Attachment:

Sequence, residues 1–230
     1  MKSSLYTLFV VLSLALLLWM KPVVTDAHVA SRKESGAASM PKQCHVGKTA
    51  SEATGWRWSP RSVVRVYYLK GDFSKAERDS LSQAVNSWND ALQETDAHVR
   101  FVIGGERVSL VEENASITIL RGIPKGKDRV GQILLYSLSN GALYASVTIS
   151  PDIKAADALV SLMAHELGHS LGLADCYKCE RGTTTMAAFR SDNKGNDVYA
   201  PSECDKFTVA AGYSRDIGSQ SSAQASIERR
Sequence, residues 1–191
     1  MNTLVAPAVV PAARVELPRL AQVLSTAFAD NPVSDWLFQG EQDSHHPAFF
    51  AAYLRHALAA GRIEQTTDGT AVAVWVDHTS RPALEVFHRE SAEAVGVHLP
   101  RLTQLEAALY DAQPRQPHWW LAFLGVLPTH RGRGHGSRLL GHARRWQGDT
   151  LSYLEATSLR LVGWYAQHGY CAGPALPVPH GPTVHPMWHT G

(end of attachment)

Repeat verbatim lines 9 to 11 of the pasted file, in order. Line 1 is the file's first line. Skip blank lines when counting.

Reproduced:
    51  AAYLRHALAA GRIEQTTDGT AVAVWVDHTS RPALEVFHRE SAEAVGVHLP
   101  RLTQLEAALY DAQPRQPHWW LAFLGVLPTH RGRGHGSRLL GHARRWQGDT
   151  LSYLEATSLR LVGWYAQHGY CAGPALPVPH GPTVHPMWHT G